6. Maple Leaf Ropes Nylon Anchor Line
This 3-strand rope delivers good value for money. It’s got good holding strength for smaller boats (20 feet or less), is reliable for a long time, and doesn’t break the bank.
I have a 20-foot center console that I regularly take sailing and fishing in Lake St. Clair and Cape Cod. This is the rope I like to use when manually handling the anchor, but I also like to use it as an anchor rope for windlass reliant boats. The nylon’s strength and texture make it versatile and convenient to manage in that regard.
If I’m going to compare its strength to regular hand-woven rope, it’s tough to beat. I’d say it’s close to 50% stronger than the latter with the same diameter. And 500 pounds of breaking strength is still above average, considering it’s just your “average” 3-strand.
While many of the ropes featured here can handle saltwater just fine, this is the one that I’m 100% sure can handle prolonged exposure to saltwater and even the sun. I can’t praise this quality enough, especially considering the low price tag it comes with.
One other praiseworthy quality of the Maple Leaf brand is that they let you get custom rope lengths. I even requested a 25-foot version of this one time, and they actually obliged me. You just have to contact them directly. I’ve yet to enjoy this same privilege from other brands out there, especially the most recognized ones.
7. Airhead ANCHOR BUNGEE
Although made of polypropylene, this rope doesn’t disappoint with its high tensile strength. It works perfectly for complementing an actual anchor rope, though.
Make no mistake, I’ve used this bungee on its own, but I stick to its main purpose: which is to tether a tiny vessel offshore. I don’t actually use it for anchoring unless I splice it with another rope. It adds enough heft to substitute for a chain, however, you can’t use it on a windlass if you go for this setup.
It’s got enough strength on its own, enough to keep your boat from drifting. It imparts enough security, so you won’t have to beach your boat and worry that waves might carry it away. For anchoring purposes, I usually pair it with a fluke anchor, and I’ve never had any issues with it for the two years I’ve been using it.
I must say, I’m a low-key fan of the extra-bright orange color. It just screams out to you, in more ways than one. I definitely don’t have to struggle too much when trying to see it when I’m anchoring in deeper-than-normal depths.
8. Better Boat Premium Anchor Rope
There are plenty of superior nylon options out there already. What makes this double-braided nylon any different? It delivers all the best aspects of nylon lines but adds more by making it smoother on the hands and more visible.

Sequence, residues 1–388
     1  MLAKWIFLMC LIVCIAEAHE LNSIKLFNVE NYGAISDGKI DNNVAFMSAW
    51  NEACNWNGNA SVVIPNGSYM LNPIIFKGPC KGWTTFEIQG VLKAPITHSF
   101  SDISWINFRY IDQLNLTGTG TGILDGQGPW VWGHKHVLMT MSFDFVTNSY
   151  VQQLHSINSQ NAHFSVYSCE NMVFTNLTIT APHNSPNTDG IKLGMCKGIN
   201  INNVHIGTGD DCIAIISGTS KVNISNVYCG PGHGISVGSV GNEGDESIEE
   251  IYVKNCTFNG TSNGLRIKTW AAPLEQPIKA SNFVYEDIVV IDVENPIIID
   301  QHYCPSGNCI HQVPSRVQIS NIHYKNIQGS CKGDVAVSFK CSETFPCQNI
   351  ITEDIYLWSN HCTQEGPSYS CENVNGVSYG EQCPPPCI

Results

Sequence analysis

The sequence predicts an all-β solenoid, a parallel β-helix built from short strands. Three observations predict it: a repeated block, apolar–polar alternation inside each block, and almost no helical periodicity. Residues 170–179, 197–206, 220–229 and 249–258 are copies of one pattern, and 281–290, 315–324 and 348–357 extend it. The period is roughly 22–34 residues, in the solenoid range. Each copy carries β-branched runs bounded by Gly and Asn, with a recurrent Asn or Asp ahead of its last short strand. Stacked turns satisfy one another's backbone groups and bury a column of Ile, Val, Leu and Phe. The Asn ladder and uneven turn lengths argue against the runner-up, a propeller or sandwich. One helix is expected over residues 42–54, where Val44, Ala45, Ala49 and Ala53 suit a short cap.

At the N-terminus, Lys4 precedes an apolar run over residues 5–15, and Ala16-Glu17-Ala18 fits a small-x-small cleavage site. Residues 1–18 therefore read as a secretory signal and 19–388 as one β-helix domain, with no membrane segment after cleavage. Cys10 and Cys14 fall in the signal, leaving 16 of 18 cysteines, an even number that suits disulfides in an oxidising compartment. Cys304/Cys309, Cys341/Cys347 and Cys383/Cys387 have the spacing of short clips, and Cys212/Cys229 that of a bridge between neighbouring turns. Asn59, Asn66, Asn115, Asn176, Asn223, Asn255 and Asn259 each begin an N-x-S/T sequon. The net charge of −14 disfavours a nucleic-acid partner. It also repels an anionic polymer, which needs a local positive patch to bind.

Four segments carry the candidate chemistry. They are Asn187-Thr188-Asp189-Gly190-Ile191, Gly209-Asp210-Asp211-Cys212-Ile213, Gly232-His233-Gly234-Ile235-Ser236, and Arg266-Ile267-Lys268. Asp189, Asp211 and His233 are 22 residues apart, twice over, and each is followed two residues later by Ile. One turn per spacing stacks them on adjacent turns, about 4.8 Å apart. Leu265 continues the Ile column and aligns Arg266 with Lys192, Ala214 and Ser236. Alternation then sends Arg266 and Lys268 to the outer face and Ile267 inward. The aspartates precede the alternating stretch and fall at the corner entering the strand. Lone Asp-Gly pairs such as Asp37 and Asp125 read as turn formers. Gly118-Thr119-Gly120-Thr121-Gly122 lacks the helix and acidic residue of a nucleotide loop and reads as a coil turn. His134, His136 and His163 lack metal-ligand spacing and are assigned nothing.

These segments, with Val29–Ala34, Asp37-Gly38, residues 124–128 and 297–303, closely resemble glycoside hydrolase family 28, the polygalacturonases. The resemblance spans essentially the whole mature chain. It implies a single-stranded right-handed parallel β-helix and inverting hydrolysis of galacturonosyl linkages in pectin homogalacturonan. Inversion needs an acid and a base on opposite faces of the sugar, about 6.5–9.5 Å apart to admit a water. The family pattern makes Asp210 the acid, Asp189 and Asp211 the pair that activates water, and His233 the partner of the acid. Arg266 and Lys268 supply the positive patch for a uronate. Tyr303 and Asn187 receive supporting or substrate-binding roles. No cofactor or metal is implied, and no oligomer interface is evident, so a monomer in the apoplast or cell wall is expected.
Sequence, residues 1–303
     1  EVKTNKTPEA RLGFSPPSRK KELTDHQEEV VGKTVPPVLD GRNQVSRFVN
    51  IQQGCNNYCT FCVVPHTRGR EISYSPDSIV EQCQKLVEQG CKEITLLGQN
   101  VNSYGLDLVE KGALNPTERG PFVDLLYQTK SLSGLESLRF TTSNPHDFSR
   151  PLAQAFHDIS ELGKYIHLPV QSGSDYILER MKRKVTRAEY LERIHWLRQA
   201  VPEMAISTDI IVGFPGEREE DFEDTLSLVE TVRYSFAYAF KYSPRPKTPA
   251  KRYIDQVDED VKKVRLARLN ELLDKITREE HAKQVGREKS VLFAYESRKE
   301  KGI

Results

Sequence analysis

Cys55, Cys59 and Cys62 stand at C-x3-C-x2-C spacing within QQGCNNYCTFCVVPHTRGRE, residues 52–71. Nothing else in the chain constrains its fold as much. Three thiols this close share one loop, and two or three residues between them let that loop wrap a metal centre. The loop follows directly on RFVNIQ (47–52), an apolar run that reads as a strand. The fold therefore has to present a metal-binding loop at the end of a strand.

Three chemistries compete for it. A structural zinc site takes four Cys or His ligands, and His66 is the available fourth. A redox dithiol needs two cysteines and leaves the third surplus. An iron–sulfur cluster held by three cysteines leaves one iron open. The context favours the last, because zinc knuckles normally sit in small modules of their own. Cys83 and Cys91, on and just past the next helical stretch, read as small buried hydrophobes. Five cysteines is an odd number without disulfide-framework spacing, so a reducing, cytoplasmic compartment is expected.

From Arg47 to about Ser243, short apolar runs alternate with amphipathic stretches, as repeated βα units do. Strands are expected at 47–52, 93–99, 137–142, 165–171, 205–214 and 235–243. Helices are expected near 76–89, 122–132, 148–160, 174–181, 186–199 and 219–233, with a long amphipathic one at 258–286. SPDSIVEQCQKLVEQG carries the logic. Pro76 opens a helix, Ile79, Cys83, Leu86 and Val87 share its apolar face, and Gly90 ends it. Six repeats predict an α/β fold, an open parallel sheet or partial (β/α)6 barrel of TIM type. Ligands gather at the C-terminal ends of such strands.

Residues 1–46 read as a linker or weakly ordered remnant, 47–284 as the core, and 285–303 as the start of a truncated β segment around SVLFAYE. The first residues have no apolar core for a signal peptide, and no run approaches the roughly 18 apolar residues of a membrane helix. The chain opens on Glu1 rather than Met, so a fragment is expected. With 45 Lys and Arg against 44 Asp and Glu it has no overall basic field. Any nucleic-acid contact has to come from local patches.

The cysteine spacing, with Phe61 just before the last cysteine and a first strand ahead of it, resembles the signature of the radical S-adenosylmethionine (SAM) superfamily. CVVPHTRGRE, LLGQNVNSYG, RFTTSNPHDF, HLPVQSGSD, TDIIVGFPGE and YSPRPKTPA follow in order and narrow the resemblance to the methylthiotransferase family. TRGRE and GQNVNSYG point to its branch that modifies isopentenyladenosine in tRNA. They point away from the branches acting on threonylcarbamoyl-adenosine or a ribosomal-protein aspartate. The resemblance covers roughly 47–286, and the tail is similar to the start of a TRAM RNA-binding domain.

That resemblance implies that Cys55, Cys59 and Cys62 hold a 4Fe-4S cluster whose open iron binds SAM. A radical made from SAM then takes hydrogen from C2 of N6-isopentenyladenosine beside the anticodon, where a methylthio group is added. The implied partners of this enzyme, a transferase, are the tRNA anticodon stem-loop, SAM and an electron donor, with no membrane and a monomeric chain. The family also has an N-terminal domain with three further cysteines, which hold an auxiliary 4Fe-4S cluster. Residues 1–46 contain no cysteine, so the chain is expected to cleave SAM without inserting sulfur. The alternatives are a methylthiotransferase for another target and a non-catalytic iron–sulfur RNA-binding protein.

If you already know what makes nylon anchor ropes such a crowd favorite among sailors and fishing enthusiasts, then know that this rope delivers all of the qualities you want. First is exceptional strength. This is my go-to line when docking for longer days and a storm happens to be on the way.
It once had to handle winds of 50km/h when fishing at Lake Okeechobee. Although I inevitably had to call off the trip because of the uncooperative weather, I do have to say that one good thing that I got out of it is that it proved this rope’s reliability. It kept my Jon boat steady while docked all throughout.
It can handle heavier anchors (at most 25 pounds) and lighter ones, too. I’ve used it with flukes and grapnels, and it has always performed spectacularly. I consider it as one of the most versatile and reliable ropes I’ve used with all things considered.
It’s visibly made to last because of the marine-friendly materials, although, I can’t comment much about the durability yet since it’s a new acquisition. I like that it’s integrated with reflective strands so I can still see it at night. I’ve only had a few occasions to try out that feature, but it’s definitely more visible than my other ropes at night.
9. Bang4buck Twisted Dock Line
Cheap doesn’t always mean you mean you have to compromise on quality. This product proves as much with its above-average nylon-like strength and reliability, all while keeping its price low.
If I’m a little strapped for cash or need a good, inexpensive line for my second anchor, I almost always choose this rope if it’s available. It’s got a decent quality than most polypropylene ropes I’ve used, so it’s safe to say that it’s great value for money. I can attest that it’s just as strong as most of the standard nylon ropes I’ve tried.
So strong, in fact, that it works well with my heavier alternative fluke anchors. I’ve even used it for supporting a large oak tree in my house that got toppled by a category-4 hurricane. I can’t ask for more from it if strength’s the topic.